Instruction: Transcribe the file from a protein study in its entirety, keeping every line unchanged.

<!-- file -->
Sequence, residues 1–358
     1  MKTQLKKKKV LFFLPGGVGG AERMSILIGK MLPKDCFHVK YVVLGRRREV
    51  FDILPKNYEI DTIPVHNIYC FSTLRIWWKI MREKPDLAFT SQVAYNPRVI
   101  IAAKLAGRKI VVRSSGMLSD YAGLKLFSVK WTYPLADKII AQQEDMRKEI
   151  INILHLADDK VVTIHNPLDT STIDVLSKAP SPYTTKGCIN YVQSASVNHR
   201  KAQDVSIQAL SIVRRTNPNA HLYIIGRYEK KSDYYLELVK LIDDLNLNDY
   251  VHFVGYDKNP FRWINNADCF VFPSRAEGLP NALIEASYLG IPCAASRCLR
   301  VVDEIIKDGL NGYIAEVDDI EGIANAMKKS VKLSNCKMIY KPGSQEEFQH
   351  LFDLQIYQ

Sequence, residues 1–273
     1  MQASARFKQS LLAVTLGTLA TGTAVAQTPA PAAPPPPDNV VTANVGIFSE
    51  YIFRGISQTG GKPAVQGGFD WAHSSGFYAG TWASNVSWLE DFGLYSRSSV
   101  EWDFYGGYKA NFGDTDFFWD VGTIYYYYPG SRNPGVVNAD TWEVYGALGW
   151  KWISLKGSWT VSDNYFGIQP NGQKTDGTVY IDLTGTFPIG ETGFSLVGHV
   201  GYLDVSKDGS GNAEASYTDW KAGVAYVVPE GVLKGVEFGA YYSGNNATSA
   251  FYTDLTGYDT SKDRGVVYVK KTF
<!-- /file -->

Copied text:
Sequence, residues 1–358
     1  MKTQLKKKKV LFFLPGGVGG AERMSILIGK MLPKDCFHVK YVVLGRRREV
    51  FDILPKNYEI DTIPVHNIYC FSTLRIWWKI MREKPDLAFT SQVAYNPRVI
   101  IAAKLAGRKI VVRSSGMLSD YAGLKLFSVK WTYPLADKII AQQEDMRKEI
   151  INILHLADDK VVTIHNPLDT STIDVLSKAP SPYTTKGCIN YVQSASVNHR
   201  KAQDVSIQAL SIVRRTNPNA HLYIIGRYEK KSDYYLELVK LIDDLNLNDY
   251  VHFVGYDKNP FRWINNADCF VFPSRAEGLP NALIEASYLG IPCAASRCLR
   301  VVDEIIKDGL NGYIAEVDDI EGIANAMKKS VKLSNCKMIY KPGSQEEFQH
   351  LFDLQIYQ

Sequence, residues 1–273
     1  MQASARFKQS LLAVTLGTLA TGTAVAQTPA PAAPPPPDNV VTANVGIFSE
    51  YIFRGISQTG GKPAVQGGFD WAHSSGFYAG TWASNVSWLE DFGLYSRSSV
   101  EWDFYGGYKA NFGDTDFFWD VGTIYYYYPG SRNPGVVNAD TWEVYGALGW
   151  KWISLKGSWT VSDNYFGIQP NGQKTDGTVY IDLTGTFPIG ETGFSLVGHV
   201  GYLDVSKDGS GNAEASYTDW KAGVAYVVPE GVLKGVEFGA YYSGNNATSA
   251  FYTDLTGYDT SKDRGVVYVK KTF